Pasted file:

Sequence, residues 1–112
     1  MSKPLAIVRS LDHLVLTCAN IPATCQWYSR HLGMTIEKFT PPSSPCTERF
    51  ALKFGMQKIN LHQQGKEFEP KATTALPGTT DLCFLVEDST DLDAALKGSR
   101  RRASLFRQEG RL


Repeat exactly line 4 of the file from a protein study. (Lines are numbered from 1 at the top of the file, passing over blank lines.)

   101  RRASLFRQEG RL